I was baptized in the First Baptist church located at Second and Broadway here in Wichita. The baptistery was a beautiful marble setting of a river scene that one walked across in. At that time most baptisms of children, of which I was one, were during the Lenten season.
As an aside, the minister who baptized me was a substitute minister who had a daughter who was an algebra teacher at Wichita East High School and I had her for a teacher when I became of that age. We became good friends.
First Baptist Church tore down their beautiful limestone structure and replaced it with the existing red brick structure. The marble from the original baptistery in which was baptized was salvaged and cut into small blocks. The blocks were polished and given as keepsakes to people who were baptized in the original baptistery. I still use my keepsake in my office as a paper weight. – anonymous
Texts and comments about methods.

God’s action in baptism
My baptism took place at Grace Presbyterian Church here in Wichita, and I remember the event vividly. I was about 5 or 6 years old and I had been well-schooled by my mother on the meaning of baptism, what would occur during the event, and most particularly, how I should behave during the baptism.
I was keenly aware of how special that Sunday morning was, not only for me but also for my parents. You see, Mother dressed me in the best dress that had belonged to my older sister Phyllis. Phyllis had died from a ruptured appendix when she was 7 years old; I was about 2 or 3 when she died. My baptism Sunday was the only day I was allowed to wear that special dress.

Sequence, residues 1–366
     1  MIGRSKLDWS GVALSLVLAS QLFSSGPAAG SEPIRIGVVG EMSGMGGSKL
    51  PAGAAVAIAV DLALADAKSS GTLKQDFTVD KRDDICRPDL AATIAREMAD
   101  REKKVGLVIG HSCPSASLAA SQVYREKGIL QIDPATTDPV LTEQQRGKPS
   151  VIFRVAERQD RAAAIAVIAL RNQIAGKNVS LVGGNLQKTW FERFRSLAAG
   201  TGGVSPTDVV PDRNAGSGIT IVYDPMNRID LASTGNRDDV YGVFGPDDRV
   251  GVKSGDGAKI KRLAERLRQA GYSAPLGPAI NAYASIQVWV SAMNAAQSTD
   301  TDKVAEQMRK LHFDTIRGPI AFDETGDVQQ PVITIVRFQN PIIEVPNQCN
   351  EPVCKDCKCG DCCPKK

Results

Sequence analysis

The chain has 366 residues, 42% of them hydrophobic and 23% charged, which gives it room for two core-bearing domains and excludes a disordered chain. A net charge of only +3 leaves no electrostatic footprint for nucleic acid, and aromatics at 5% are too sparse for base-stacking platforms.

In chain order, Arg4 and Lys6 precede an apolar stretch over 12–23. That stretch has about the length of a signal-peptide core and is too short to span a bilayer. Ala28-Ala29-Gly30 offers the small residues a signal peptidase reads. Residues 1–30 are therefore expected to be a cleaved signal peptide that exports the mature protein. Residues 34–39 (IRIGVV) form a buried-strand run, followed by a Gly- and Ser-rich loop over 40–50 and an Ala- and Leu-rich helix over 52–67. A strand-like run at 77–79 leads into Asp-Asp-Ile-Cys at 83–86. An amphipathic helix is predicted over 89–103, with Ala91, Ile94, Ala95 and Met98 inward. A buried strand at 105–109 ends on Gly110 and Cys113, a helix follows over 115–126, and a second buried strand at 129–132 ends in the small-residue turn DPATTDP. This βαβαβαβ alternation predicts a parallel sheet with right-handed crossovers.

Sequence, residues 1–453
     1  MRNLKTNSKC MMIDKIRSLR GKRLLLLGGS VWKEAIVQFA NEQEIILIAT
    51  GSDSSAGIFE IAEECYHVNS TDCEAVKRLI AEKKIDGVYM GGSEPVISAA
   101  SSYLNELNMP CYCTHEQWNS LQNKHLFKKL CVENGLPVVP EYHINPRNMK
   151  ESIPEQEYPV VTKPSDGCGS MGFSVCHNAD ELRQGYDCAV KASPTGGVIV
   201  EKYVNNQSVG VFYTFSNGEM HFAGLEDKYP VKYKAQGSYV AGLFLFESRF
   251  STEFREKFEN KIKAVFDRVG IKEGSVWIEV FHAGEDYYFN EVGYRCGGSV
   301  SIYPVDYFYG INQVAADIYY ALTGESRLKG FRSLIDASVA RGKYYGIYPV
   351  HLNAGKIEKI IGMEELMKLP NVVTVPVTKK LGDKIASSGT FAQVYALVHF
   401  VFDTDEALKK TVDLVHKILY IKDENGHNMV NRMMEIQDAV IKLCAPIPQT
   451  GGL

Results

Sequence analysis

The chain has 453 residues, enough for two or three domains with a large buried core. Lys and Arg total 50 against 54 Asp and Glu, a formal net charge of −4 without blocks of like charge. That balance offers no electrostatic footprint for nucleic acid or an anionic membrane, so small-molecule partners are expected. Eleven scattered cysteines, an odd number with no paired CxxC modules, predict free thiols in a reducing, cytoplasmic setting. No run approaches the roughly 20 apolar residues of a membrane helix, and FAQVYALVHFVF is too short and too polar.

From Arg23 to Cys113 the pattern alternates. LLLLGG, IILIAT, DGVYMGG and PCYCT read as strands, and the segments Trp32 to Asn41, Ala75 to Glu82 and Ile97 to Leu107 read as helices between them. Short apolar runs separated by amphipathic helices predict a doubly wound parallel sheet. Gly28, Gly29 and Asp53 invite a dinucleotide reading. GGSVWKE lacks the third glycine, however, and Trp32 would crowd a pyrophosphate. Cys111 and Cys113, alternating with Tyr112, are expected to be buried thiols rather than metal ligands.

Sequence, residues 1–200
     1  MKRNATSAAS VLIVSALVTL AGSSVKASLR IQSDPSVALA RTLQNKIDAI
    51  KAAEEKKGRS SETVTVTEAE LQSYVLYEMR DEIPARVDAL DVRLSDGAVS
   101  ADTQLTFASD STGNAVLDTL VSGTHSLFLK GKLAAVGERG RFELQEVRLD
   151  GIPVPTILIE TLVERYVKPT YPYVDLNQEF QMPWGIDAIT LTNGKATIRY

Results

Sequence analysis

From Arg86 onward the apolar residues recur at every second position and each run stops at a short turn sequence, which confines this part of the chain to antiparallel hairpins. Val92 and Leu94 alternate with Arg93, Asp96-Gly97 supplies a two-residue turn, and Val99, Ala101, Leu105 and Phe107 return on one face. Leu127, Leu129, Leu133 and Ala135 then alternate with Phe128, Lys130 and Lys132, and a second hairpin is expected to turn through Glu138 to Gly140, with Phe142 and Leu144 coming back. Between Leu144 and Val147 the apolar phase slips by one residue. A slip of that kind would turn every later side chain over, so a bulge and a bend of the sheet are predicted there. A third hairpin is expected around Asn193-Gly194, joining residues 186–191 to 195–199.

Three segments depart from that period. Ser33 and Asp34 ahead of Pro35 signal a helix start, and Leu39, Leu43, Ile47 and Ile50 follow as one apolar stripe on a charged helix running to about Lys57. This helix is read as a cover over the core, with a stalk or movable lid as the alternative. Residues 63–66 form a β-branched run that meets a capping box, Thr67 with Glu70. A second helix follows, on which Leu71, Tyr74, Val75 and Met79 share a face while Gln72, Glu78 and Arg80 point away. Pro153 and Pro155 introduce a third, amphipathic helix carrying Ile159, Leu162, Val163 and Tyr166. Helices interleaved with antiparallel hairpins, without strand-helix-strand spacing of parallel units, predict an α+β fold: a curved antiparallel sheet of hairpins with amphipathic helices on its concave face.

At the appropriate time during the Sunday morning service, the minister called me and my parents forward. I felt so grown-up walking to the front of the church, standing before the minister and congregation, and being in the presence of God. As the words were spoken, I was sprinkled with water from the font. At the conclusion of the baptism, the minister handed me a long-stemmed red rose. I still have the rose: pressed between pages of my baby book. – Kay Rupert Sommerfeld
Texts and comments about God’s action in baptism.
Rite of passage
My baptism at age 10 was a wonderful, exciting event for my family and me. I was raised in the Disciples of Christ church here In Wichita-where communion was observed every Sunday so I had plenty of years to observe this tradition as well as to learn more specifically about it during the 4 month (1X a week) class leading up to Palm Sunday when I was baptized by immersion. This enabled me to partake of communion on Easter Sunday which was a thrill. At that time, at that church, you were not invited to take communion unless you had been baptized-by either sprinkling or immersion. Our confirmation also took place on Palm Sunday with the Minister asking “Janice Sue Shoff -do you believe that Jesus Christ is the son of God and do you except him as your personal Savior?” Answering “yes” I was then blessed by the Minister & welcomed into the membership of the church-mentioning also when my baptism would take place.
Usually a number of young people chose this time of year to take the confirmation classes, make their confession & be baptized- so it was even more exciting & meaningful experiencing this with friends your age. My family was very proud of my decision to do this and hosted a special dinner after church after I was baptized. I will never forget this occasion in my life & will remember what it meant to me forever . – Jan Deering